Halloween History Mystery – October 2014

October 14, 2014 – Question

On the Halloween evening of October 31, 1900 the bell of the Wellesley Congregational Church, also known as the Village Church, began to toll without a soul in sight!  Deacons, policemen and residents rushed to the scene but found the church in darkness and no one pulling the rope to the bell; however, the bell continued to toll through the evening!  Any ideas on how this spooky mystery was solved?  Return on Oct. 31st to learn the answer to this Halloween History Mystery!

October 31, 2014 – Answer

Walter Lovewell admitted to this ingenious prank 50 years later to the staff of the Wellesley Townsman.  According to a resulting article, “Lovewell, . . . together with Jack Rothery and Wee Stanwood, had stretched a thin piano wire from the clapper of the bell to the house in which the Stanwoods lived, on the present site of the Morton Block, and, sitting in an upstairs room, the boys had pulled on the invisible piano wire at regular intervals to sound the bell and confuse the townspeople” (50 Year Old Mystery is Finally Solved, Townsman, Oct. 19th, 1950).  The Wellesley Village Church is located in the heart of Wellesley Square at the corner of Washington and Central Street and the boys had a short walk across the street to Wee Stanwood’s house, located at the corner of Washington and Grove St.  As the Townsman article mentions, this area is now the Morton Block which houses Anderson’s Jewelers and other retail stores.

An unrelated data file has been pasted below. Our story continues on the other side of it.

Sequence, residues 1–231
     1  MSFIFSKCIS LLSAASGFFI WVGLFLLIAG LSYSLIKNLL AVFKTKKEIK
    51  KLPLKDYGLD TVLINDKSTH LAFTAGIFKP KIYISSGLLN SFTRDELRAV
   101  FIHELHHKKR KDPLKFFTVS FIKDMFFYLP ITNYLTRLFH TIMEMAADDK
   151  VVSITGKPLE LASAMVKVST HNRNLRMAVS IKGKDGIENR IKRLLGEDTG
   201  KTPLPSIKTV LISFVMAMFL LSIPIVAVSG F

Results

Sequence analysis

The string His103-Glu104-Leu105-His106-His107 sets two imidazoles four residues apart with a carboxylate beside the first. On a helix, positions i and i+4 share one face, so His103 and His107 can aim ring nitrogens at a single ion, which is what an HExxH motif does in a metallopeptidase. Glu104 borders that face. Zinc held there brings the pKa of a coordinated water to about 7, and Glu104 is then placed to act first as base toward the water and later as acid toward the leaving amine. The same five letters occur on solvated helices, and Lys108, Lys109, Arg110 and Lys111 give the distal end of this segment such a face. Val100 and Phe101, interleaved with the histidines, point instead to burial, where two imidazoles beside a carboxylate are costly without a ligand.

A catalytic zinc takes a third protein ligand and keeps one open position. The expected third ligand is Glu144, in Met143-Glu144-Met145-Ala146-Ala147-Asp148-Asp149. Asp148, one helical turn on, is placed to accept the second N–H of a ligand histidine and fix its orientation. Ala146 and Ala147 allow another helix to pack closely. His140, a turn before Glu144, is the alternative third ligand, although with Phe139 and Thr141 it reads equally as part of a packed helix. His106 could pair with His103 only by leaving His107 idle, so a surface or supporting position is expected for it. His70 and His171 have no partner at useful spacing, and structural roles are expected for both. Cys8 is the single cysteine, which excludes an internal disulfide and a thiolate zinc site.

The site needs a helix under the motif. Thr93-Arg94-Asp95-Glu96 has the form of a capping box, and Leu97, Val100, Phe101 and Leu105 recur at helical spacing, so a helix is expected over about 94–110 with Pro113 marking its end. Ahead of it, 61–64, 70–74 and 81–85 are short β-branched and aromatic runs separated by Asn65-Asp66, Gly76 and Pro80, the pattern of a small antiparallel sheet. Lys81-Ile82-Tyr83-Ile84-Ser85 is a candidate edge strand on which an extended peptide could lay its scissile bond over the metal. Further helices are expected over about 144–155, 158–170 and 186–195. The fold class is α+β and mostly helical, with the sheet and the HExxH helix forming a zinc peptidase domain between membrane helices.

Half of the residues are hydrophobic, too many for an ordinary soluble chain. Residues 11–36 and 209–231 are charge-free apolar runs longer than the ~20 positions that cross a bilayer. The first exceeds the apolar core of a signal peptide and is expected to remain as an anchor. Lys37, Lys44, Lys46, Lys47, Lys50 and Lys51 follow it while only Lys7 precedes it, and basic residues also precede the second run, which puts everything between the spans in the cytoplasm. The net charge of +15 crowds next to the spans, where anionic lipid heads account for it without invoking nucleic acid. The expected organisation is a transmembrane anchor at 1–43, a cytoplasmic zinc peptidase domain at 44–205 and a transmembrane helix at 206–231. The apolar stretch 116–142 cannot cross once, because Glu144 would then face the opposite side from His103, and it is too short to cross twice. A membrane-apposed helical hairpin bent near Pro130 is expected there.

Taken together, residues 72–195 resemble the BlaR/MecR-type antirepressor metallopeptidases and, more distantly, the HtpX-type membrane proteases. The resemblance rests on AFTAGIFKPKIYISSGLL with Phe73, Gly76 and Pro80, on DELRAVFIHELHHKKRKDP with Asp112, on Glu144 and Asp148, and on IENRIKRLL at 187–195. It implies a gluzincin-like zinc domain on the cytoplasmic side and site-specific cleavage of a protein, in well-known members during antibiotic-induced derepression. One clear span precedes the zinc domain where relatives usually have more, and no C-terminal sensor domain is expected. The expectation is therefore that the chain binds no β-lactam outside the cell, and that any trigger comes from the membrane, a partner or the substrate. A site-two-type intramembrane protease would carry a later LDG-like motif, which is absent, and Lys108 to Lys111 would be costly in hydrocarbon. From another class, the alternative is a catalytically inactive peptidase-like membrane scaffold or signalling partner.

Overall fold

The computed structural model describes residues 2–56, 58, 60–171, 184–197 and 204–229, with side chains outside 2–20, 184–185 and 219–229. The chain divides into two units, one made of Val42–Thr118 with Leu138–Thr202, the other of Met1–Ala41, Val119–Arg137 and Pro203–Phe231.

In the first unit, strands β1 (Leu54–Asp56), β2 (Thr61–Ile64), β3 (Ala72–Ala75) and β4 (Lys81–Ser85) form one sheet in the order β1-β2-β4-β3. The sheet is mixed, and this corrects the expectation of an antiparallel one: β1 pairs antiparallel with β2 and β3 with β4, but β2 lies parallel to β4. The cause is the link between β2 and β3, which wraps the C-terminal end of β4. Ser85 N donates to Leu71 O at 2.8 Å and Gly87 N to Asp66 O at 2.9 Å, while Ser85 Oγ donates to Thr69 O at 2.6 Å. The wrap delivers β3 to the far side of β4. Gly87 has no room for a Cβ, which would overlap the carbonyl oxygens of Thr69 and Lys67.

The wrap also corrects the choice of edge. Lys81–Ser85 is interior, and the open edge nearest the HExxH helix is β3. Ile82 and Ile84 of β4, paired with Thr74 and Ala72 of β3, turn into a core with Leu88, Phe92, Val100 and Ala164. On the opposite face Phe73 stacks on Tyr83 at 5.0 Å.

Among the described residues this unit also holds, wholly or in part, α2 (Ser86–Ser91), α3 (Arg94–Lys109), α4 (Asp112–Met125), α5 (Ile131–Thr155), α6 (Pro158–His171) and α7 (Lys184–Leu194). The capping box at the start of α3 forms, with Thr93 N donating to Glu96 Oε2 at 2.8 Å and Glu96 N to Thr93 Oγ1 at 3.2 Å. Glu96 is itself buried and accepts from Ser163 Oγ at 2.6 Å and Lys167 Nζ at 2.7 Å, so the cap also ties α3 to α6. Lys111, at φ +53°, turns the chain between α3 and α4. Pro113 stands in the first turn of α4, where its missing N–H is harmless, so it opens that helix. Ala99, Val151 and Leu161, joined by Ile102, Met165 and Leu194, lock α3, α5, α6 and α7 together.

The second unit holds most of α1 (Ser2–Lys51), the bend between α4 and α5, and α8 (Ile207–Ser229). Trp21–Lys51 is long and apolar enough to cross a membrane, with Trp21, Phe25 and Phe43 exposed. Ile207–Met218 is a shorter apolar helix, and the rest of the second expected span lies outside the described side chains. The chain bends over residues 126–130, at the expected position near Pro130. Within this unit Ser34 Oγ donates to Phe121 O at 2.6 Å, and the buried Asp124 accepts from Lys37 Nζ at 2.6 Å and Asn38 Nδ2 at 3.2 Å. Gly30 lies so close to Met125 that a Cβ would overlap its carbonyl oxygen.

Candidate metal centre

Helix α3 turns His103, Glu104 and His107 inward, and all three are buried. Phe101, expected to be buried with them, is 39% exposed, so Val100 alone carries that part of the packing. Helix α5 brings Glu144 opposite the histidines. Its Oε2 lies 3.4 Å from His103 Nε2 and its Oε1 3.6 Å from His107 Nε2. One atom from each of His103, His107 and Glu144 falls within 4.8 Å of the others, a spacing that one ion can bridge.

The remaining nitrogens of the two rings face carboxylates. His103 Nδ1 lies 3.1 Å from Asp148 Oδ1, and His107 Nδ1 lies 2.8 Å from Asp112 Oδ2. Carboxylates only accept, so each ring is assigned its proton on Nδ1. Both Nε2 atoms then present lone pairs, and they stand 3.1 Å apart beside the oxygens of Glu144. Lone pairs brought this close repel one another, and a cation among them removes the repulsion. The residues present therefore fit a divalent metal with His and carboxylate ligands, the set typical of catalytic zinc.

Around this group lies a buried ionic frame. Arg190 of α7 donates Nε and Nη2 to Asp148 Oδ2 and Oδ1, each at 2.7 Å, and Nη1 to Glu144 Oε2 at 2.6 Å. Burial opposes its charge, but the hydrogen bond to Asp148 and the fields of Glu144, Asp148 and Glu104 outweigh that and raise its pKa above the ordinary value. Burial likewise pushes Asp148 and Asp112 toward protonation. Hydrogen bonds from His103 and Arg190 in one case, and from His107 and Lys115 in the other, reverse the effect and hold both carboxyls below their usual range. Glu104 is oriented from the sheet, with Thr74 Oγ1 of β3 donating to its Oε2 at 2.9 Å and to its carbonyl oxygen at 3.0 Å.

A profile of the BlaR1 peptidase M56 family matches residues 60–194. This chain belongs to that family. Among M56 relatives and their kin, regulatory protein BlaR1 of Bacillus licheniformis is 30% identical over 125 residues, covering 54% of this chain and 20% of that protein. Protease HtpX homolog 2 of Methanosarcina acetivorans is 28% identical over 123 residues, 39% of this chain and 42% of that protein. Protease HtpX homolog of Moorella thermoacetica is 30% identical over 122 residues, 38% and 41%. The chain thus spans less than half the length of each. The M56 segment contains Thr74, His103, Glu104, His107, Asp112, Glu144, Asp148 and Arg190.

Don’t recognize the image of the Wellesley Congregational Church pictured
above?  This wooden building was built in 1872 and destroyed by fire in 1916.  The brick building you see today is actually the forth edifice of the Wellesley Congregational Church, commonly known as the Village Church, and was built c.1918-1923.  Two earlier structures were built in 1774-1798 and 1835.

Kathleen Fahey, Curator